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This section focuses on executive coaching and addresses
what's unique about working with executives, as well as my guiding
principles and methods. Additional information on this website
covering leadership development,
development and life coaching
may also be of interest to executives.
How do you define executive coaching? How does
it relate to other developmental tools an executive might use?
I like the definition posed by Fitzgerald and Berger
in their book Executive Coaching - Practices and Perspectives.
As they define it, executive coaching "is one-on-one, confidential
work with executives aimed at enhancing their current or future
effectiveness." They further clarify that executive coaching:
- Has a developmental focus,
- Goes beyond technical or industry guidance,
- Is distinguishable from psychotherapy but may
share some frameworks of analysis, and
- Is based on a complex and sophisticated understanding
of, and focus on, both the individual executive and the organizational
In my practice, each executive coaching engagement
adheres to the structure above and includes elements of leadership
development and organization development. Executive coaching is
a process that can be applied to increasing leadership competencies,
including developing skills to solve organization problems.
When is executive coaching needed?
Coaching can be useful in helping executives overcome
several challenges they face. Often, executives have strong competencies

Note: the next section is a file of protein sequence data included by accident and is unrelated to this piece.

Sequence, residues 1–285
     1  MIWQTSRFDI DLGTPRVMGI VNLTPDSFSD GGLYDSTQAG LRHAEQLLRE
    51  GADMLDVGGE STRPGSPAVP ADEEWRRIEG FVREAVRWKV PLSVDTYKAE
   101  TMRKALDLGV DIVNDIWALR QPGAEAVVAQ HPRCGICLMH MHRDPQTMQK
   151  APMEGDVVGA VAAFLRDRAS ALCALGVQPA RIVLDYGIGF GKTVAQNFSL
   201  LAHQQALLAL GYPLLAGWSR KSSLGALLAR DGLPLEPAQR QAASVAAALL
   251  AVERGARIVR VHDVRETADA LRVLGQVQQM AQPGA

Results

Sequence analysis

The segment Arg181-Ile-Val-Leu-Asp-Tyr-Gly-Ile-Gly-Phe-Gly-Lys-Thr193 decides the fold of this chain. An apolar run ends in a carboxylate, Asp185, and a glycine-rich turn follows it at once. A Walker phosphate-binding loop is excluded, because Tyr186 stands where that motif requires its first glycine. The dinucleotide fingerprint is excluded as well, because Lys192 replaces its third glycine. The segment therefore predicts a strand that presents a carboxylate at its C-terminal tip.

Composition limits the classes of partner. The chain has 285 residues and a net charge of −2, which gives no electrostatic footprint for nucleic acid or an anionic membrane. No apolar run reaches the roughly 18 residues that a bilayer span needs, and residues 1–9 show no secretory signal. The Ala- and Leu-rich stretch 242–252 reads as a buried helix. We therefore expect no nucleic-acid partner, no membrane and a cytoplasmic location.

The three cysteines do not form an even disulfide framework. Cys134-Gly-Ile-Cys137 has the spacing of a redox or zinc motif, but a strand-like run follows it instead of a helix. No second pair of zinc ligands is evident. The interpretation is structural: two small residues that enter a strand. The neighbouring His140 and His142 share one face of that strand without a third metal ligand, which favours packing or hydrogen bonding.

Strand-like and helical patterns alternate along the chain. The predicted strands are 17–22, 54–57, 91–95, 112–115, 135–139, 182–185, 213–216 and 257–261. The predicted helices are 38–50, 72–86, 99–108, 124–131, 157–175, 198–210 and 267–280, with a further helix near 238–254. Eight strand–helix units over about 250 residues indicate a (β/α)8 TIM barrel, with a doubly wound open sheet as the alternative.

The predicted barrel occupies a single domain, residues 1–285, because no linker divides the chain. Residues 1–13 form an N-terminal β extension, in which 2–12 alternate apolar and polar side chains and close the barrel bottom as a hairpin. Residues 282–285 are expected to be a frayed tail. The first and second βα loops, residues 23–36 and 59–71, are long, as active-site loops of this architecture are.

that have helped them reach the executive ranks, but which no
longer serve them as well as they had in the past. New skills
and approaches may be needed. Executives may sense that they are
not getting accurate feedback from people within the company.
Coaches can offer an objective view on strengths and growth opportunities-supporting
executives throughout the development process.
How and where do you work with executives?
How we work depends on the goals we're trying to
reach and the level of intensity that fits the situation. In the
most accelerated approach, I am directly involved with the executive
in the work system, coaching him or her in real time with the
team. In other situations, I accompany the executive during the
workday, but our coaching is offline and private. The least intensive
coaching is when I work with the executive entirely outside the
What unique perspective do you bring to executive
My style and approach are informed by four factors.
One, I leverage my own experience
- as an executive in a diverse set of assignments and as a coach
and consultant to a wide range of clients. Two, I've built on
education and training from
others. I've been well trained in both consulting and coaching
by strong schools and gifted practitioners whose theories, methods
and models serve me well. Like my executive clients, I have a
personal development plan to ensure that I'm always growing. Three,
I enter into a partnership with
the client that focuses on personal development from the inside
out and tangible results in the role. Finally, I genuinely enjoy
this work. Even though projects are focused on results and have
plenty of challenges, I expect to have
fun along the way.
What kinds of issues do you work on with executives?
- Increasing emotional intelligence (self-awareness,
self-management, social awareness, and/or relationship management),
because I believe these skills are the foundation for other
- Improving performance on a required competency
(for example, communications, delegation, planning, time management)
- Developing the capacity to become effectively
reflective and active in the moment, which may take the form
of internal questions like, "What's really happening here?
What am I thinking/feeling? What is the basis for my experience?
What are my options? What is my goal? What will be the most
effective action I can take to move toward our goal?"
- Preparing for a new opportunity (understanding
the desired goal, identifying strengths to leverage, creating
an action plan)
- Optimizing the first 100 days in a new job (such